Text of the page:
Local Residents Receive Degrees at 151st WPI Commencement
WORCESTER, MA - Worcester Polytechnic Institute (WPI) President
Laurie Leshin and Board of Trustees Chairman Jack Mollen presided
over the university's 151st Commencement celebration, awarding over 1,019
bachelor's degrees and 850 master's and doctoral degrees during the
Kaung Myat San Oo of Tewksbury, Mass., was awarded a master of science degree in electrical and computer engineering.
Zhenyu Wan of Tewksbury, Mass., was awarded a master of science degree in robotics engineering.
This year's graduate address was given by Freeman A. Hrabowski III, president of the University of Maryland, Baltimore County.
In his remarks, Hrabowski expressed his excitement at being asked by his longtime friend, Laurie Leshin, to speak at WPI'sgraduate commencement. "I've been watching the progress of WPI for a long time," he said. "You're a national leader in project-based learning, and you're the alma mater of Robert Goddard. In my area, that's a big deal."
WPI awarded honorary degrees to Hrabowski and to Kevin O'Sullivan, who recently retired as president and CEO of Massachusetts Biomedical Initiatives.
In her remarks, President Leshin congratulated the Class of 2019 for "enduring stress, overcoming setbacks, and pushing boundaries." As students leave campus with a degree, Leshin said she anticipates they will continue to "break barriers and open new doors."
Graduate student speaker Doreen Manning then gave her remarks. Manning, who received her master's of business administration, told her fellow graduates that she took an indirect route since "earning a master's degree had simply not been on my career radar."
Manning said her worldview is different now.
"So as I leave the podium today, I will do so not only with a diploma, but with new insights into myself and my role within the world," Manning said. "Yet even more important, when I meet with alumni in my position as editor of the WPI Journal, I get to tell them, with pride, 'I'm an alum, too!' "
Matthew Araujo of Tewksbury, Mass., was awarded a bachelor of science degree in biology and biotechnology with distinction.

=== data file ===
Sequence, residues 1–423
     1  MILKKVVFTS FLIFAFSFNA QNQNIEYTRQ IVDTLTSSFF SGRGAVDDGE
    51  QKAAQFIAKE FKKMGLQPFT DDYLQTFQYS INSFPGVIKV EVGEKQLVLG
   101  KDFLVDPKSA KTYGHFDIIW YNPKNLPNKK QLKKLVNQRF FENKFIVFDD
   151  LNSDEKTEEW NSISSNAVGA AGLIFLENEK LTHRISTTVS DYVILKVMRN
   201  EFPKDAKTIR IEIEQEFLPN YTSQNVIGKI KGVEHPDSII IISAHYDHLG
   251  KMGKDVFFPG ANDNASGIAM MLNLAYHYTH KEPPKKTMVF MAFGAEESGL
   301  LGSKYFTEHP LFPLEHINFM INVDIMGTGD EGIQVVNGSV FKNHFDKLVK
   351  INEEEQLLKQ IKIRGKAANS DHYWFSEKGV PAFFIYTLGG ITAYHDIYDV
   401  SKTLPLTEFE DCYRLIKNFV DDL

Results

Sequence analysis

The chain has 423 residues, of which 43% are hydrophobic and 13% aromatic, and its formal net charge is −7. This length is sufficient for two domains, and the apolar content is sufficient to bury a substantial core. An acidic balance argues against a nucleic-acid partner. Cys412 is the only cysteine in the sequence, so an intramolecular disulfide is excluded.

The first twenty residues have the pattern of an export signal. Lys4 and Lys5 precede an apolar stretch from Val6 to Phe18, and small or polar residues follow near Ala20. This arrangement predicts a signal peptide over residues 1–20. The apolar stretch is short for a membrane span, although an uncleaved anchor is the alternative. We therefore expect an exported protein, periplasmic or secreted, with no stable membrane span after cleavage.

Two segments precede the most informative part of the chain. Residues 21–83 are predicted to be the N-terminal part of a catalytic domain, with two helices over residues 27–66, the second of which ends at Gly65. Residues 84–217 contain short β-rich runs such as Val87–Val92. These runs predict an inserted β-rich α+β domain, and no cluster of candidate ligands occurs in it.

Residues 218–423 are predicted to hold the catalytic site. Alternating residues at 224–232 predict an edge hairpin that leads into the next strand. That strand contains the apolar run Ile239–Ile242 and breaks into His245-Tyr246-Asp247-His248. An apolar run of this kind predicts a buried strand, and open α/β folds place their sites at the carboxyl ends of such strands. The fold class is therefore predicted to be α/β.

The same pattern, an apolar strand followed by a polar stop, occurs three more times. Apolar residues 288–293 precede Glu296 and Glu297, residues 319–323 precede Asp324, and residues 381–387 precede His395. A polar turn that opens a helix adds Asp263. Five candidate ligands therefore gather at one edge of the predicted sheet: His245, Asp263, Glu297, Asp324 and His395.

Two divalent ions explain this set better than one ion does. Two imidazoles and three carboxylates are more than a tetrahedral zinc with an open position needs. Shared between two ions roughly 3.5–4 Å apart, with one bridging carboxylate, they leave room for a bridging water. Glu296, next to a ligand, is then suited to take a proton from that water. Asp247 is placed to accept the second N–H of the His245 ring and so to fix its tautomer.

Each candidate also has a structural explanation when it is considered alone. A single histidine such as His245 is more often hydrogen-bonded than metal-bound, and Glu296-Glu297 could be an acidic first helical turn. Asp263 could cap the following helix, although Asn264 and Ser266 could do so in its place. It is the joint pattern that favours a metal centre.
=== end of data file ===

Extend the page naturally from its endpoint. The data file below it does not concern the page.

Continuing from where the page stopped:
Eva Barinelli of Tewksbury, Mass., was awarded a bachelor of science degree in robotics engineering with high distinction.
Toni Joy of Tewksbury, Mass., was awarded a bachelor of science degree in industrial engineering with high distinction.
Erin Morissette of Dracut, Mass., was awarded a bachelor of science degree in physics with high distinction.
WPI President Laurie Leshin and Board of Trustees Chairman Jack Mollen presided over the celebration, at which the keynote address was given by Ellen Stofan, the John and Adrienne Mars Director of the Smithsonian's National Air and Space Museum.
In her remarks, Stofan lauded the graduating seniors, whom she called "the next generation of STEM innovators," before pointedly asking, "Where do you go from here?" She noted that students are graduating 50 years after the Apollo 11 Moon landing on July 20, 1969. The historic milestone was spurred, in part, Stofan noted, by the challenge President John F. Kennedy placed before Congress in an address in May 1961.
Stofan, who has more than 25 years of experience in space-related organizations and a rich background in planetary geology, also received an honorary doctor of science degree.
WPI awarded Gordon Hargrove, executive director of Friendly House in Worcester, an honorary doctor of humane letters degree for his "distinguished leadership of a vital Worcester institution, his passion for making miracles happen in the lives of others, and his inspiring example to generations of WPI students, faculty, and staff."
President Leshin told the graduates that while she is sad to see them go, she and the campus community feel a great sense of pride in all of their accomplishments at WPI. "Over the past four years, we have all watched, and hopefully helped you discover, your passions and strengths, we've seen you work very hard, and we've seen you truly make a difference."
Class speaker Emily Molstad, of Newington, Conn., a major in mechanical engineering with materials science and engineering, recalled for her classmates the "nine words we heard when we arrived, and over and over again throughout our four years here: Go to class. Do the work. Ask for help. These words, repeated so often, weren't always easy to practice day to day, but once we followed them, they put us on the path to success."
Worcester Polytechnic Institute, a global leader in project-based learning, is a distinctive, top-tier technological university founded in 1865 on the principle that students learn most effectively by applying the theory learned in the classroom to the practice of solving real-world problems. Recognized by the National Academy of Engineering with the 2016 Bernard M. Gordon Prize for Innovation in Engineering and Technology Education, WPI's pioneering project-based curriculum engages undergraduates in solving important scientific, technological, and societal problems throughout their education and at more than 50 project centers around the world. WPI offers more than 50 bachelor's, master's, and doctoral degree programs across 14 academic departments in science, engineering, technology, business, the social sciences, and the humanities and arts. Its faculty and students pursue groundbreaking research to meet ongoing challenges in health and biotechnology; robotics and the internetof things; advanced materials and manufacturing; cyber, data, and security systems; learning science; and more. www.wpi.edu